Legislation giving employees two more vacation days each year was expected to pass a final vote on Monday.
The 1951 Yearly Vacation Law said the minimum annual vacation time was 10 days, and the number would increase after five years seniority at a single workplace, to up to 28 days after 14 years of working for the same employer.
According to the amended law, proposed by MK Rachel Azaria, employees will get 12 vacation days per year. In their sixth year at a workplace, they will get 14, then jump to 21 days in their seventh year, and get one more day off per year until they reach 28 days.
Azaria explained how the original law was passed at a time when people spent most of their adulthood at the same workplace, and her bill updated the law to match the current job market, in which many people switch employers every three to four years and therefore often don’t get past 10 vacation days.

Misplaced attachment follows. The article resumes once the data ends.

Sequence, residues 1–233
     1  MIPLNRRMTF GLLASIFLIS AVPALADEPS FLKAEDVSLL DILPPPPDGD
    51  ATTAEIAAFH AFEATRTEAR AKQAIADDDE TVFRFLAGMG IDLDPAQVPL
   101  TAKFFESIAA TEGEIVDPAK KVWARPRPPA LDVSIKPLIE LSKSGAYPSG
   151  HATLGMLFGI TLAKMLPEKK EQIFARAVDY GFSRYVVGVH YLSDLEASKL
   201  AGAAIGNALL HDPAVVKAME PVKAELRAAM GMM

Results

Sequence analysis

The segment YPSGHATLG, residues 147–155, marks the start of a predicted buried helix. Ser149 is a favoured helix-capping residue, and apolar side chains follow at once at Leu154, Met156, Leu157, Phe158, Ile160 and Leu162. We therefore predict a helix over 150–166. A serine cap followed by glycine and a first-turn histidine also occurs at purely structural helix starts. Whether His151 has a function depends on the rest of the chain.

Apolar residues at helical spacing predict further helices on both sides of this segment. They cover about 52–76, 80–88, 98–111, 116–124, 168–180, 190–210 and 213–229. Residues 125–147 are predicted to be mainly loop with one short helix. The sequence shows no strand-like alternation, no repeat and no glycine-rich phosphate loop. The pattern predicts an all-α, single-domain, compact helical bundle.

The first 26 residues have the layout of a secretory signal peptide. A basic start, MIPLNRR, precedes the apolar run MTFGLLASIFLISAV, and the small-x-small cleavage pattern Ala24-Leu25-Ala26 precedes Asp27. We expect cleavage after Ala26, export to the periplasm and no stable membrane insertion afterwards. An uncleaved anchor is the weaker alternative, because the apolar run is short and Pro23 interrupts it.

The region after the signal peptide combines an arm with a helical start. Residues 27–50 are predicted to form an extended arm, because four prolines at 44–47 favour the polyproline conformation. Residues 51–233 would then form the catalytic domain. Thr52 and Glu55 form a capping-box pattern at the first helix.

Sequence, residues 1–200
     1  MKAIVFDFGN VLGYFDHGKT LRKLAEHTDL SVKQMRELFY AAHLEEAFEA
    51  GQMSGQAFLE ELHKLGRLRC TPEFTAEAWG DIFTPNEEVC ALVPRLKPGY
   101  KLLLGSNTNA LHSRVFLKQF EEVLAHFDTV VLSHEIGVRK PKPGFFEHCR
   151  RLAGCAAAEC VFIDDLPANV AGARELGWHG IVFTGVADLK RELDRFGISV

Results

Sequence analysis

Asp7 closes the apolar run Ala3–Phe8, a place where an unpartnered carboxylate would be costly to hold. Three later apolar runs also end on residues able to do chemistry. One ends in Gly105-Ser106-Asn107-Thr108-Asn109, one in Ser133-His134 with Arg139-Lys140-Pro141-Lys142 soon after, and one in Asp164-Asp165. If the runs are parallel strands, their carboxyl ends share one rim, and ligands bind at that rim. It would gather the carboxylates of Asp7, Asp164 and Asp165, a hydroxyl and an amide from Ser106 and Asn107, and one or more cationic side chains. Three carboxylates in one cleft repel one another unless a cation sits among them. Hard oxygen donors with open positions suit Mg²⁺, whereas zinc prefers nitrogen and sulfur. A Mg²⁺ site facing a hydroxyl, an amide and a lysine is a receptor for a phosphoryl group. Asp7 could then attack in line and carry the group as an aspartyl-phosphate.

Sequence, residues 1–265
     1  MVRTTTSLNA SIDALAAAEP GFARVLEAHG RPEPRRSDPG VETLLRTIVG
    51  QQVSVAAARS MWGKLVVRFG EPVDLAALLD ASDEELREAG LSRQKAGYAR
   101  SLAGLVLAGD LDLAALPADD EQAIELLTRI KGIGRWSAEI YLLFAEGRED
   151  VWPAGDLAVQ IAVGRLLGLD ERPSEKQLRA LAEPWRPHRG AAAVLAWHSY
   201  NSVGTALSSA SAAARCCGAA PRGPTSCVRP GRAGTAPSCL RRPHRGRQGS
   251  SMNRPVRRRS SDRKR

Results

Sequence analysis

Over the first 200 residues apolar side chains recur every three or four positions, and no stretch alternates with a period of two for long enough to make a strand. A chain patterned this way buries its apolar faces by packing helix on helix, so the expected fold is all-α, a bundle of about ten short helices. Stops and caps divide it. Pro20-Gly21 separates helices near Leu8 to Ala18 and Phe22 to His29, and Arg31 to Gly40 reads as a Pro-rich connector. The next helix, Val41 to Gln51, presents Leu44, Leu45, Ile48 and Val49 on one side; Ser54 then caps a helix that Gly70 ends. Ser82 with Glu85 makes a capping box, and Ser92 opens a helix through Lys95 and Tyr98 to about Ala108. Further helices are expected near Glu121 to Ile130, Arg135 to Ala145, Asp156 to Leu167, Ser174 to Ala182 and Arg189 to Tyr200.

This situation makes it difficult for parents to arrange care for their children, who have many more days off than they do.
“A million and a half workers constantly don’t have enough vacation days, and they work more days and hours than any other OECD country,” Azaria said, in presenting the bill.
“Adding two vacation days is very significant for them and will give them the extra free time we all need.”
Most OECD countries give workers a minimum of three to four weeks off.
Finance Minister Moshe Kahlon said he backed the measure as “an important step towards closing gaps among workers.”